The average price of a can of supermarket beer is approximately £1 in almost every country I’ve ever been, with a few exceptions like Vietnam where it can be as low as 30p, and of course Islamic countries where it is usually illegal or if not, exceptionally expensive.

Drinking before going out and avoiding rip-off touristy bars are the most obvious ways to keep this expense low.

6a00d8341c00c753ef01676488269c970bTransport is a big one when travelling, and usually it all starts with flights. Most people are quick to use flight aggregation sites like Skyscanner, Cheapflights and Google Flights, which are great – but just for the info! In most cases it’s best to use these sites to find the cheapest routes, but then often cheaper to book through the airline independently. Also these sites will quote you the cheapest fare covering your route in the fastest time with the shortest lay-over, but often you can save money by purchasing two separate flights on the same path and also spend some time in a new country. For example, I recently searched for a flight from London to Dubai, and the cheapest route was on Pegasus airlines via Istanbul. So I searched on the Pegasus website for individual flights from London to Istanbul and then Istanbul to Dubai a few days later and managed to get a cheaper overall price – plus I got myself an unexpected short holiday in Turkey! Ofcourse this only works if you’re not on a tight schedule, but I highly recommend always not being on a tight schedule.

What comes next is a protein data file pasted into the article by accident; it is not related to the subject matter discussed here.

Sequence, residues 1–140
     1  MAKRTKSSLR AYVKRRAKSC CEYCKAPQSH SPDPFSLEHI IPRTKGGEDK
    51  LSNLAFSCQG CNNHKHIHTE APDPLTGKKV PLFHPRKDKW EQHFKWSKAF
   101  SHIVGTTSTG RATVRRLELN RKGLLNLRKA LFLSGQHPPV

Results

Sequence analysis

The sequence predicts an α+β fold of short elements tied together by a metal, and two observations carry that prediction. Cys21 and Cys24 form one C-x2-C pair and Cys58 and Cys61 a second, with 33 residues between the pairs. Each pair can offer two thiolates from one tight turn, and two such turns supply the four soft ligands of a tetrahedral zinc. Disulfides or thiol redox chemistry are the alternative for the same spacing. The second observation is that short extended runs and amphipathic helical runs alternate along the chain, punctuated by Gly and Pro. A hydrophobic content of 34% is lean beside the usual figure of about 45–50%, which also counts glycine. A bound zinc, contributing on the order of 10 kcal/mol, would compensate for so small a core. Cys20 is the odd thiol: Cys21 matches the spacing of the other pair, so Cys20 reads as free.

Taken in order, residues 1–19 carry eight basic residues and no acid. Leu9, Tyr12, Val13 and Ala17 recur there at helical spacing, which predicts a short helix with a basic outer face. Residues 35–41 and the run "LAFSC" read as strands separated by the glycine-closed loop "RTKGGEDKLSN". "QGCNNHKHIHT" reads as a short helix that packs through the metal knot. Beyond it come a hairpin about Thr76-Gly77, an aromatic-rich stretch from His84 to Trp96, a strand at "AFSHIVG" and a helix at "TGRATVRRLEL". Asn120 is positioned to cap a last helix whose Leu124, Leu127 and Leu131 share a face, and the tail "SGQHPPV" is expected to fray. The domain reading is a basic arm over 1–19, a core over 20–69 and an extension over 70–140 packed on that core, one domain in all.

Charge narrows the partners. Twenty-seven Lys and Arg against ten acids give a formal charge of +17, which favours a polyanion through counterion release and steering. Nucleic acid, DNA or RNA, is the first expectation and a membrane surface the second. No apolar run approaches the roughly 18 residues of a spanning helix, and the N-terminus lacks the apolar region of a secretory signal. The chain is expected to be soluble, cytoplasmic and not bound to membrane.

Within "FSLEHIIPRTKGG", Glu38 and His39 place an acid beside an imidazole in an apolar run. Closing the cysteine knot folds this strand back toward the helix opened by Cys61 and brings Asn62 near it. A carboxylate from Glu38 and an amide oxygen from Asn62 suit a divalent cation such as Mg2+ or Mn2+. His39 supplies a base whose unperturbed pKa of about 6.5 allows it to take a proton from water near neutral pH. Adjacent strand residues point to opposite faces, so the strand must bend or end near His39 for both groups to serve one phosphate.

48bcf350f121c4cc5649ba282cb9a7ec1b103fd90348f355b52e96b608666b09Once in your country of choice, you’ll likely want to be moving around frequently. Almost every country in the world has a vast spectrum of transport choices, and my favourite is always trains.  Train travel is usually the most affordable, fastest and comfortable way to travel (except in the UK).  However, western ideals of comfort have created in most countries ridiculous price differences in travel classes, with many railway services offering “1st class” tickets at ten times the price of normal tickets, but offering very little value for money. Seriously, air-con is not that important – even 3rd class carriages have fans, which are more than enough. I’ve travelled 12 hour journeys in 3rd class in humid 40 degree countries and I’ve survived! Honestly, you’ll be fine. (And if not, most 3rd world countries sell Xanax without prescription for next to nothing.)

sleeping-bus-to-sa-paBuses are the next best thing for cheap public transport, and usually cover all the routes that trains don’t.  In some countries I’ve found long distance overnight bus travel to be very cheap, especially around South East Asia. There is a safety aspect – it’s recommended not to leave any valuables in the luggage hold, not to mention the occasional road accident – so take due care in certain countries when choosing to travel by bus.  Personally I’ve never had a problem, but I’ve heard enough stories of people who have.